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‘No appetite’ for $250K assist for Ledgeview, says Abbotsford mayor

The financially challenged Ledgeview Golf Course is looking for significant city support this year. - Neil Corbett Photo
The financially challenged Ledgeview Golf Course is looking for significant city support this year.
— image credit: Neil Corbett Photo

It’s unlikely Ledgeview Golf and Country Club will receive $250,000 in requested city funding, according to Abbotsford Mayor Bruce Banman.

In January, the Ledgeview Golf Society, led by president Pat Differ and general manager Chris Hood, approached the city asking for a quarter of a million dollars in funding to help operate the city-owned facility.

The society has run the course since 1978 and this marks the first time it has requested funding.

Differ told council last month that a $150,000 loss is expected this year, following losses of $220,000 in 2011 and $111,000 in 2010. The economic slowdown is being blamed for the losses.

Differ also told council the society is over-extended at the bank and may be unable to continue without support.

While council has already approved the 2012 budget, including funding for other service groups, no decision was made regarding Ledgeview’s request.

“I can tell you that there is no appetite whatsoever to give Ledgeview $250,000,” said Banman.

Banman said because the city owns the land, he can’t see allowing the valuable property, located at 35997 McKee Rd., to be “turned back into pasture,” and believes some help is needed.

“If that means they need a short-term buffer we will most likely help them with that, but it’s not going to be anything near $250,000.”

Banman said the subject of selling the property has been presented as an option, but it’s not one he thinks will be pursued.

He prefers to see other options explored, such as creating new revenue streams.

“Perhaps it would be a great place to have a first-class restaurant and banquet centre. Maybe there’s a private company that might be interested in doing that.”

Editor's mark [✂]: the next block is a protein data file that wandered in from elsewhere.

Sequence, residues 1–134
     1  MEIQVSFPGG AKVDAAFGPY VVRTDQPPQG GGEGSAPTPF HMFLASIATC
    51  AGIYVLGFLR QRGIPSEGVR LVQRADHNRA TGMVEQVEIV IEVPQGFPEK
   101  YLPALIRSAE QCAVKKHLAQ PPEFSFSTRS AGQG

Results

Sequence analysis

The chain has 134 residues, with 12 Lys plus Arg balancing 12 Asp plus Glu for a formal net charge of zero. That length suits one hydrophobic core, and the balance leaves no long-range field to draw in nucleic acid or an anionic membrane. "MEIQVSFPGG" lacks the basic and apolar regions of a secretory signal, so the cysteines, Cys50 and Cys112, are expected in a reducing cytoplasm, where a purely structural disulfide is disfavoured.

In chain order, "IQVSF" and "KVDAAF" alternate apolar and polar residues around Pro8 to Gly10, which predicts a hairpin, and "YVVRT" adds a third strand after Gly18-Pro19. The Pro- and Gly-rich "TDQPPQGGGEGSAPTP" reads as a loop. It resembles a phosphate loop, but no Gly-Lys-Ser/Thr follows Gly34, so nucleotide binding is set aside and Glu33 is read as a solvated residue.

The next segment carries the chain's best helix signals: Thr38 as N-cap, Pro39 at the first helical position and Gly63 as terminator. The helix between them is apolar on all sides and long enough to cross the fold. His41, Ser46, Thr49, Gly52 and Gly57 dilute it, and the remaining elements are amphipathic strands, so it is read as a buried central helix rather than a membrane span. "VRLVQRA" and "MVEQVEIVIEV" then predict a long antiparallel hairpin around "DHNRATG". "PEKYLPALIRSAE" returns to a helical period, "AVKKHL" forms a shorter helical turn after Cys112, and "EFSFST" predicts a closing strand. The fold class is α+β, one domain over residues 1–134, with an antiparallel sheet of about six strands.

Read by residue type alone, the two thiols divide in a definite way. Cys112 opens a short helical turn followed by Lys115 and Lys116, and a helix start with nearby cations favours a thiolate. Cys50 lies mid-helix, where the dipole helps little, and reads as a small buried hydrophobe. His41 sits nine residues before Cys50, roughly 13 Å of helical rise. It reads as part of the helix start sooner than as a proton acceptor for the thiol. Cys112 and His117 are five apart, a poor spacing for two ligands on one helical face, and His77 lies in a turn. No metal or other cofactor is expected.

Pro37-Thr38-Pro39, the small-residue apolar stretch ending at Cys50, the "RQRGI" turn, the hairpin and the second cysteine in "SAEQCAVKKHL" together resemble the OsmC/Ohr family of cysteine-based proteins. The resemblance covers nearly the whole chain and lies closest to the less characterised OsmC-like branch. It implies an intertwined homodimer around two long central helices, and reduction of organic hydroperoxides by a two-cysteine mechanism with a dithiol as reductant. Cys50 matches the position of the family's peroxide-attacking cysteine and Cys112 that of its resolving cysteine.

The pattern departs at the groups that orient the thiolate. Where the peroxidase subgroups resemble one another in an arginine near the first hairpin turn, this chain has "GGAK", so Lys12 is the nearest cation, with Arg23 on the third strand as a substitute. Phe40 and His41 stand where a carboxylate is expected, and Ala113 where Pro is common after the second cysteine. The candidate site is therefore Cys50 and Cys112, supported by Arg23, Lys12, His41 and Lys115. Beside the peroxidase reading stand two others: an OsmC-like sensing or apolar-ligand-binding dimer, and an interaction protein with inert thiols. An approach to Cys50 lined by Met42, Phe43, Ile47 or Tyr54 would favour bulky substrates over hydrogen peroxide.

He also believes a new management style is needed.

However, selling the land, especially for development, could be a profitable venture.

At approximately 104 acres, the land could potentially earn the city tens of millions of dollars if it were to be sold for development.

Ledgeview general manager Chris Hood said he had a few meetings with the city, and the idea of selling the course has not come up.

“The city has always told us, no matter what, that this is always going to be a golf course, they want it to be a golf course,” said Hood.

He said the recreation aspect is also important.

He stressed that Ledgeview may have members, but it is not a private club and is open to the public.

He also said the financial picture is slightly better now than it was when they approached council.

“At the time, it was January and we were in a deficit position at the bank where we were into a credit line, but now we have dues coming in and some revenue coming in, so we are back in a good position with the bank, for now,” said Hood.

He said if the city doesn’t provide any funds, Ledgeview will find a way to go on.

“We are open for business, we are going to be here.”

The society’s five-year contract runs out at the end of 2015 and Hood said there is no guarantee that it will be renewed.

He said the club’s members pay close to $100,000 for capital projects, over and above their dues, and he thinks the city should match it.

The club has just under 300 members who pay up to  $2,850 a year in dues, capital costs, taxes, and food and beverage charges, depending on the level of their membership. Weekday golfers and youth golfers pay less.

Hood said the total 2012 budget is projecting $1.8 million in revenue and $1.95 million in expenses.

He said that breaks down to approximately a $5,000 loss in the food and beverage sector, a $35,000 loss at the golf shop and $110,000 loss to maintain the golf course.

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